• 13% said yes, my practice integrated in 2009.
• 23% said no, but my practice has concrete plans to integrate.
• 50% said no, but my practice is thinking about it in the next 1-2 years.
• 15% said no, my practice has no plans to integrate with a hospital.
These results show just how strong the trend towards integration really is. A total of 36% of practices have integrated or have "concrete plans" to integrate. Another 50% of the respondents state that they are thinking about it. While the respondents are (presumably) only cardiologists, and the poll was not inclusive of other cardiovascular physicians (particularly cardiac surgeons) who may entertain the idea of integration, the poll is still a powerful indication of just how strong the integration movement is.
CFA is involved with clients where the circumstances leading up to interest on the part of cardiovascular physicians in integrating vary considerably. One would think the predominate reason for cardiologists and cardiac surgeons, among others, to consider alignment with local hospitals is purely economic. The initial stimulus frequently is; however, other factors come into play. It is logical to assume that physicians who have not been financially successful would be the first to consider an integration strategy. But this is not necessarily so. Consider the following:
Recently, in the southeast, a group of cardiovascular surgeons affiliated with the largest volume and most prestigious cardiovascular program in their state expressed interest in integration with their affiliated hospital. By every comparative metric applied, they were a highly financially successful group of surgeons with a significant geographic monopoly based on strong referral patterns. While their overall cardiac surgical volume had trended down, their group and individual incomes were stable as they aggressively managed their practice expenses and diversified into vascular surgery to maintain case volume and revenue. This group went to the extensive measure of taking one of their surgeons out of active practice and sending him for retraining in state of the art vascular procedures to build practice volume. Yet they still believed the overall, long term trends were working against them. The historical financial success of their practice did not preclude them from reconsidering their future direction.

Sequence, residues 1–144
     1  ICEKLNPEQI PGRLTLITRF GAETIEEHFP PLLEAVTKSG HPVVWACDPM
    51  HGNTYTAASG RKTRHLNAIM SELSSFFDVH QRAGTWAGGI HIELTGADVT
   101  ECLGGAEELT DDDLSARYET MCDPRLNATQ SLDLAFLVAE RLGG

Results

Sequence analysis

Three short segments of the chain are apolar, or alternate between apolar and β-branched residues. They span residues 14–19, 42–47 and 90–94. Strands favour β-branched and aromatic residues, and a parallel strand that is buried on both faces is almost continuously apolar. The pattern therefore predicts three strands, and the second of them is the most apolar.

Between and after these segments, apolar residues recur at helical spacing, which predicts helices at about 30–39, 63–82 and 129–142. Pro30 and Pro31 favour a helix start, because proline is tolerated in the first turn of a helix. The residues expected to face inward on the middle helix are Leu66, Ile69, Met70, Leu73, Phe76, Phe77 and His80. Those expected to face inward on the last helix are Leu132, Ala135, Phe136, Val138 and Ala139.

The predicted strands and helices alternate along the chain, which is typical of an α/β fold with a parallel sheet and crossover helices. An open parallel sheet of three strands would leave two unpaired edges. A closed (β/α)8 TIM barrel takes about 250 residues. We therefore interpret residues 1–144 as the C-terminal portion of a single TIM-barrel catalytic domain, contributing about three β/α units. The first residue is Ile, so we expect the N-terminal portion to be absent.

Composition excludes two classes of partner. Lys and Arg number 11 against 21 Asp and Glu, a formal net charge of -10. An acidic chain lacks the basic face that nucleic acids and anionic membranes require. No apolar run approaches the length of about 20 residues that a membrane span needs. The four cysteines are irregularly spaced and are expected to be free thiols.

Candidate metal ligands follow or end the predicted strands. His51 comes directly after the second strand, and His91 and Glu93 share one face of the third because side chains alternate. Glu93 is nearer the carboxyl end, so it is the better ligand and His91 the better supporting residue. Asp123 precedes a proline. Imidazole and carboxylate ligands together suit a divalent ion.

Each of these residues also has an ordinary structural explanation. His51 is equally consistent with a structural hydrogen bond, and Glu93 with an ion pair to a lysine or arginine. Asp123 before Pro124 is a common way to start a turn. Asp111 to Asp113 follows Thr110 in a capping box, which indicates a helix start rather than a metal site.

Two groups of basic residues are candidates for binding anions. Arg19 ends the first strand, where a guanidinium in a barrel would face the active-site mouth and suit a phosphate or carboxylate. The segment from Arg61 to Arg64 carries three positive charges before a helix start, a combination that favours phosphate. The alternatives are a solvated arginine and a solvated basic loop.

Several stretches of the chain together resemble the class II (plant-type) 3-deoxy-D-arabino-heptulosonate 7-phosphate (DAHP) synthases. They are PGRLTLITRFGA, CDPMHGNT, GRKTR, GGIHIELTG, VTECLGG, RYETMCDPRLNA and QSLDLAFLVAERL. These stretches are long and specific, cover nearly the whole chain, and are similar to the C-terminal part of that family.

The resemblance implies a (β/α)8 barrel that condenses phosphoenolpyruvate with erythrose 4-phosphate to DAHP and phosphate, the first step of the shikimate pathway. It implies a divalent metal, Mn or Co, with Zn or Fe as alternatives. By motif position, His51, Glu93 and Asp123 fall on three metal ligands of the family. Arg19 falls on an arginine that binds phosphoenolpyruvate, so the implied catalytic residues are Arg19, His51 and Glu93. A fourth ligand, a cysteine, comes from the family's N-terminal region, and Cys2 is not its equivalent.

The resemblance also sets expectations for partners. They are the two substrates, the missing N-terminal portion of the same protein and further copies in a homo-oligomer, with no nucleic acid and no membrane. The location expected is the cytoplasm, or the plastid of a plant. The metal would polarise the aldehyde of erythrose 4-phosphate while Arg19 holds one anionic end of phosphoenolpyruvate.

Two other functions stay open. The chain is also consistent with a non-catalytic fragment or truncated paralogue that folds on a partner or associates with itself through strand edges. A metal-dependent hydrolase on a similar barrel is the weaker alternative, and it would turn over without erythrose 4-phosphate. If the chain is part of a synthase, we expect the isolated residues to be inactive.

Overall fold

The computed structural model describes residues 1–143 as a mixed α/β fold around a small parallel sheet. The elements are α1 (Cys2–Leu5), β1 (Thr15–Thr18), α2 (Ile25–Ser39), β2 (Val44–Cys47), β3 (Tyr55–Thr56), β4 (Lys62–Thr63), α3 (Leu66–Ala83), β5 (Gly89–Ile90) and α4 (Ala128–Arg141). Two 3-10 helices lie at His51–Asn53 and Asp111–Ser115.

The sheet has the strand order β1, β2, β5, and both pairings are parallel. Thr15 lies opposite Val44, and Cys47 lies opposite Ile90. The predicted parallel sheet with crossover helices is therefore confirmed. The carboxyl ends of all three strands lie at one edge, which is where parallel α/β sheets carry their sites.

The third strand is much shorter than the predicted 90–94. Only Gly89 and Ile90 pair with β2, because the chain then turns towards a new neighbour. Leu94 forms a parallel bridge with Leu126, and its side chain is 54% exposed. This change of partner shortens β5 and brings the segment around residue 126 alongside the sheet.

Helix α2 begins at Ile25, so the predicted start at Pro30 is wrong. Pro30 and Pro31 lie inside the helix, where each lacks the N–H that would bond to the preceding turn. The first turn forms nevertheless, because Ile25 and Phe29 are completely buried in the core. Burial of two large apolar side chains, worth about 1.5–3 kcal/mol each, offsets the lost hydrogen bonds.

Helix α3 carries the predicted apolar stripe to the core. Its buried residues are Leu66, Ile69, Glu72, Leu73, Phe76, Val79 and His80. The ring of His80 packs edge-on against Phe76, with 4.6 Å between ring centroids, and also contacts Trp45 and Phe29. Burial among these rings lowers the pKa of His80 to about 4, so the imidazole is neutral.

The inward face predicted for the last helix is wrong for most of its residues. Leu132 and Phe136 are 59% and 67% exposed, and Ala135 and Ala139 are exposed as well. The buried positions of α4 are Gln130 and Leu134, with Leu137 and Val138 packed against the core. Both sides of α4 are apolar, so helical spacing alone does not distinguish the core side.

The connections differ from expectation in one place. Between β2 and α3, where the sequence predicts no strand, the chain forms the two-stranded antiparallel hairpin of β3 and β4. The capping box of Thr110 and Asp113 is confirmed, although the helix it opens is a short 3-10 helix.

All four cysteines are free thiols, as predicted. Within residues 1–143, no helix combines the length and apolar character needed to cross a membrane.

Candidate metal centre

Hospitals need to be prepared for this Physician-hospital alignment and integration movement by proactively thinking about their overall strategy and tactics before the issue arises. One of our senior staff attended a seminar on alignment this past year where a hospital administrator from the Midwest said that he lived in dread of any phone call or personal visit from one of his medical staff, because so many of them were asking to be bought out and employed! He was overwhelmed by the issue and knew that he needed to prepare a strategic response to this trend if he was going to keep his head above water.
CFA recommends that all hospitals and physician groups be prepared to deal with the issue of integration. With up to 50% of poll respondents actively considering integration with a hospital, it is imperative that each hospital and physician group understand the economic and political trends that promote alignment and integration, and the implications on their respective businesses.
To view the poll referenced in this posting, please refer to The Lewin Report